How to properly shape your beard
Maintaining a healthy, attractive beard can be a production: It requires routine maintenance and a confidence about what looks best (and how to achieve it). If your beard needs a little direction — or if you’re just starting to grow one — follow this advice to keep it looking shapely and symmetrical.
Face shape should determine your beard style.
You want a beard to complement the shape of your face. Symmetry plays a big part in how aesthetically pleasing something is; if you’ve got a long, narrow face, you don’t want to grow an Abe Lincoln beard that further accentuates the length.
The goal is to make everything as oval as possible. It’s as simple as that. With this guiding principle, consider a few more prescriptive measures:
- For circular or square faces — where the width and the height are similar measurements — grow more hair on the bottom of the chin and keep the sides short. You want to elongate the face since yours is naturally wider than most.
- For rectangular, oblong, and triangular faces — where the height is greater than the width, or where the cheeks angle sharply toward the chin — grow the beard shorter on the bottom but fuller on the sides. You want to round out the sides and give some width to your head.
Guys with oval faces, congratulations: You’re the lucky ones who can try various lengths on the sides and bottom. Don’t let it get too disproportionate, though; try to maintain an oval shape, lest you compromise your genetic gift.
Know where and how to fade.
To keep your beard shapely, you need proper border control. Your neckline and cheek lines are the first things people will notice and scrutinize; tidying them is both simple and imperative.
The neckline is a more universal concern for men, since a lot of guys don’t grow hairs too far up the sides of their cheeks. Here’s the easiest way to “draw” the neckline: Imagine a “U” that runs from the base of your left ear to the base of your right ear. It goes behind each jaw — do it behind the jaw, to fill out the cheeks — and its base is roughly an inch above the Adam’s apple. A better way to measure the base is to take two fingers — the pointer and middle — and rest them just above the Adam’s apple. You should completely shave everything below this point, and then shape it into the imaginary “U” that you drew before. This forms your beard neckline.
However, the contrast between skin and beard can be aggressive, which is why fading the beard is also important. You want the neckline to be evident, but it should graduate steadily into the bulkier parts of the beard. To fade your beard, take your beard trimmer and adjust it to a length that is two settings shorter than your actual beard. Trim roughly one inch deep into the beard from each point along the beard neckline; it might be better to try longer settings first, in case your beard is already short, or in case you accidentally trim too much away.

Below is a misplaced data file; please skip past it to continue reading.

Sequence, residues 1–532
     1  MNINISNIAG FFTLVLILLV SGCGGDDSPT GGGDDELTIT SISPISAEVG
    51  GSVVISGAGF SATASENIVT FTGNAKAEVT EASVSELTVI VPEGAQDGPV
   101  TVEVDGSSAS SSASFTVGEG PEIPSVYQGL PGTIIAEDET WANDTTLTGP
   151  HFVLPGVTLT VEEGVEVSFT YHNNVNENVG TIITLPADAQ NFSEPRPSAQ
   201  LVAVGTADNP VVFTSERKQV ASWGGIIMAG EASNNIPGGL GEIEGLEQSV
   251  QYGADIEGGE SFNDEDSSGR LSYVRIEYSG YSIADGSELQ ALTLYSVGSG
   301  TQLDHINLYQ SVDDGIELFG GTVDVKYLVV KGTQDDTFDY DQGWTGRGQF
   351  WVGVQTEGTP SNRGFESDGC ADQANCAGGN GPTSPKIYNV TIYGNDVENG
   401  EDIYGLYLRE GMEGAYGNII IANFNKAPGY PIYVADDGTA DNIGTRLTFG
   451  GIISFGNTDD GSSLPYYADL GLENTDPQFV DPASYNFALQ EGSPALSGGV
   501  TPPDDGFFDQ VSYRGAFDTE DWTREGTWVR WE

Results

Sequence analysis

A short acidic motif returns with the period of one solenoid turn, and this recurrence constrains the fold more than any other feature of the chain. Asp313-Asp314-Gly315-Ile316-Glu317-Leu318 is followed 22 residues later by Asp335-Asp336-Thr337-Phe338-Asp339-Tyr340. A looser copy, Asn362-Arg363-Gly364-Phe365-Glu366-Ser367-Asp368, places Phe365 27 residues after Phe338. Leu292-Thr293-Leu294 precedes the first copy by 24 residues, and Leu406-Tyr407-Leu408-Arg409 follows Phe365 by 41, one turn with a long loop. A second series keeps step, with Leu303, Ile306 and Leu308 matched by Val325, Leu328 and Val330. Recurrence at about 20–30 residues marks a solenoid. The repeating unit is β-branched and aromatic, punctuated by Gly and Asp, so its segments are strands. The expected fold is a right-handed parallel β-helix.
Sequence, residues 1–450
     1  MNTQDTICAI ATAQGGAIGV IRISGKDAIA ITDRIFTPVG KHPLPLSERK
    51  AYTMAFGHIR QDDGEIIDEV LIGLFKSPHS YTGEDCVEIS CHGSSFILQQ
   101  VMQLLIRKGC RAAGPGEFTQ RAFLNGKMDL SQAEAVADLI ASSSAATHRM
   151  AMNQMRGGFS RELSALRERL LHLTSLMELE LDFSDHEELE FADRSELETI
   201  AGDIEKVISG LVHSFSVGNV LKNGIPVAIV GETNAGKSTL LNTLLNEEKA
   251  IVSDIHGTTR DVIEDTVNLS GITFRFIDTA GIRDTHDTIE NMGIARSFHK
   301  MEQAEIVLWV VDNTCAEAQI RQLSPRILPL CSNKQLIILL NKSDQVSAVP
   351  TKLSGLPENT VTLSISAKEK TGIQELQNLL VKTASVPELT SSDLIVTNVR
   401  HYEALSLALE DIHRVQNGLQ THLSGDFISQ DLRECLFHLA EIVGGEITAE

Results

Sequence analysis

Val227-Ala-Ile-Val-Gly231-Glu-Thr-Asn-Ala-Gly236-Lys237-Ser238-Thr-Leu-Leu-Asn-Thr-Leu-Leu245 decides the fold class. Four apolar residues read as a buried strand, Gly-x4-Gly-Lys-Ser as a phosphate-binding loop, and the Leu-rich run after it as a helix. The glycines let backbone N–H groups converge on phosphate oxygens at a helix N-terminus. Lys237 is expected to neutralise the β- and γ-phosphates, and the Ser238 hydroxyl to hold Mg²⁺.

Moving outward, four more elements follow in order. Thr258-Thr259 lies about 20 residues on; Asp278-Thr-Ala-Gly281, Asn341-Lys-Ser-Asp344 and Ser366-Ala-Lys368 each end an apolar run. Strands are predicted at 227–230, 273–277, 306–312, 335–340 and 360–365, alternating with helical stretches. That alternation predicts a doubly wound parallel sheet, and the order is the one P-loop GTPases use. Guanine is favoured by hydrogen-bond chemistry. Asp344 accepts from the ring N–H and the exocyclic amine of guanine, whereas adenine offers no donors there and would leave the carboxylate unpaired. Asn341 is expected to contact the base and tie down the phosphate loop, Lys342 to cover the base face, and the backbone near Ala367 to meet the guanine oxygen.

The goal with this step is to find a “halfway” length between the long hairs and the abrupt neckline cutoff.
Next, cut that setting in half — if it was a quarter inch, make it an eighth — and start again at the beard neckline to trim halfway into the first pass. You should be able to stop after this, since the beard will have a steady graduation in length. If you have an especially long beard already, it may not be worth trying to fade it; the proper neckline trim should suffice. If you’re just starting to grow out the beard, you might want to wait a month to try fading the neckline, just to let the hairs grow long enough to offer any contrast. Either way, it’s important to at least maintain the right neckline, all the way through the jaw; it keeps your beard looking natural and not overly groomed or unkempt.
Your cheeklines won’t require as much maintenance; lots of guys have straight, diagonal cheeklines, while others have curved ones. The bigger priority here is to shave away any strays that climb up and away from the natural cheeklines. Some guys will fade their cheeks the same way they do their necklines, but it’s harder to do against the grain, not to mention less natural-looking.
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Trim regularly (even as you grow it out).
Trimming your beard is necessary for managing bulk, styling it to your desired shape, and eliminating strays. You’ll want to do this every week or two, depending on h
ow fast it grows. Once you’ve decided the length you need — remember, this might be a different length on the sides and bottom, per your face shape — comb the beard out against
the grain, then comb it back down into place. Trim it to your desired length. You can even try blending the sides and bottom if you’re growing them to different lengths — just use a halfway setting along the jaw between the two. Then, comb the beard into place again, and trim away any strays with beard scissors. Once you’ve trimmed the mustache to your desired setting, comb the hairs straight down and snip away anything that protrudes over the lips.
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18 built-in length settings
Invest in a conditioning styler.
To keep your beard looking sharp all day, you’ll want to style it in the morning — the same way you sculpt your hair. Get a nourishing wax styler, like The Tamer from Brothers Artisan Oil, which employs beeswax, shea butter, and an oil blend to keep beard bristles hydrated and soft while holding everything in place. A dime-size application onto a clean, dry beard should do the trick. Distribute it evenly with your beard comb, then coax the hairs into place by running your palms along the grain.
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